One might have thought the matter was then concluded, and for 30 days so it appeared, until I received a notification from Paypal to tell me that the buyer had notified them that fraudulent transactions had been made on his credit card and Paypal had the authority to investigate and if they found evidence of this to issue a chargeback which meant refunding the buyer’s money. I was not worried by this, I know credit card transactions are subject to insurance for this sort of thing so I responded to Paypal’s investigation with what I knew and expected the matter to go away. Some two weeks later I was informed that the chargeback had been agreed and I was therefore liable for the £250 originally paid for the camera. I asked Paypal what sort of an investigation this was where I should lose my camera and the money when there was not as far as I was aware any implication that I was involved in the fraud. Their only response was that I had sent the item to a non-confirmed address and was therefore not covered by any Paypal seller’s or buyer’s protection. I replied to them that at no stage had I been informed that this was a stipulation and that having looked at the terms and conditions it had taken me the best part of two hours to locate the relevant section, and that perhaps they might like to issue this caveat before such time as a seller ships since they are aware of whether or not the address is confirmed at the time of purchase. At this point they shut down communications entirely and said they were merely the financial agent and declared that therefore this was none of their doing.

I decided to investigate a little and found, quite easily, that a number of people had been ripped off in the same way by the same person, not only that but that one of them had been conned after the point at which my transaction had been registered as fraudulent. This was the final nail in the coffin for any definition of the buyer’s case being authentic as I would have thought on his part the first course of action in such instance is to shut down the credit card and ebay account as it has clearly been compromised. This was not done, either by the buyer himself or by Paypal informing the financial authorities. Furthermore for Paypal to allow a subsequent transaction to go through after they have been notified of fraud smacked at best of negligence and at worst of direct complicity.

I decided not to let the matter rest and reported it to Trading Standards and my local Police. Trading Standards were friendly to the plight but said that as the actual fraud hadn’t taken place in this country there was a grey area for such things and they were currently investigating what could be done in such situations. The police said they’d log it, I never heard from them again. Paypal chased me for a while for the £250 and even threatened to send me a summons to court, at this point I responded and said I would be delighted to discuss the matter in court and looked forward to them furnishing me with a date. Surprisingly enough I heard neither from Paypal nor their solicitors again. I wondered at the time what someone in the same situation would have done had they been less bolshy or less fiscally challenged than I am? I think I already know the answer to that question.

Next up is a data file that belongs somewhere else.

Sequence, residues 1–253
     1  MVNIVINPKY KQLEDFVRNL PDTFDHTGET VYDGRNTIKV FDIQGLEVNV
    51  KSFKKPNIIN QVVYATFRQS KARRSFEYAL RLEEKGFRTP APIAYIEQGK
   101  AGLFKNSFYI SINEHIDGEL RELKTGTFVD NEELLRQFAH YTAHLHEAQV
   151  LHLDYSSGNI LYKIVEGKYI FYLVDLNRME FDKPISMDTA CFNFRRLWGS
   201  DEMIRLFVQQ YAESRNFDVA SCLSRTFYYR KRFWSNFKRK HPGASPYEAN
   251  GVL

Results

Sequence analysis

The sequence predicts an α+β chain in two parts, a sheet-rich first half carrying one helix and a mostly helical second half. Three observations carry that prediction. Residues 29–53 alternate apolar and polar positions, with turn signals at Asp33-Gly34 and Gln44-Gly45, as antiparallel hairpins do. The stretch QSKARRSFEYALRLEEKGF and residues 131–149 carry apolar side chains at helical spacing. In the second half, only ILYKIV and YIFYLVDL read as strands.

This was not the only problem I had with online auctions and the like but it was by far the worst and concerned a potential loss of the greatest amount of money from my side. It was also the most blatant and easily verifiable episode of financial fraud that I had come across. What struck me was how little anyone appeared to be doing about it. It was as if the issue was in the words of Paul Keating a shudder looking for a spine to run up! All parties wrung their hands and made noises that it wasn’t their jurisdiction, or they were just the 3rd party or the crime was committed outside their patch etc. No-one disputed a crime had taken place, no-one disputed that I was not the perpetrator of the crime, no-one disputed that it highlighted a fundamental systemic flaw in the online transaction system, and no-one was prepared to do anything about it.

I have continued selling on ebay though the pleasure is long since gone and I use it merely for the fact that it is the most plausible way of parting with things that I can’t really afford to give to the local charity shop. My dislike for the system now has undoubtedly benefited the local charity shop who have had to accept bags of stuff that I simply did not want to waste my life away seeing whether or not I might scratch a few pounds here or there. A disingenuous way to give I’ll grant you but if that is a silver lining from this cloud then so be it I’ll take it.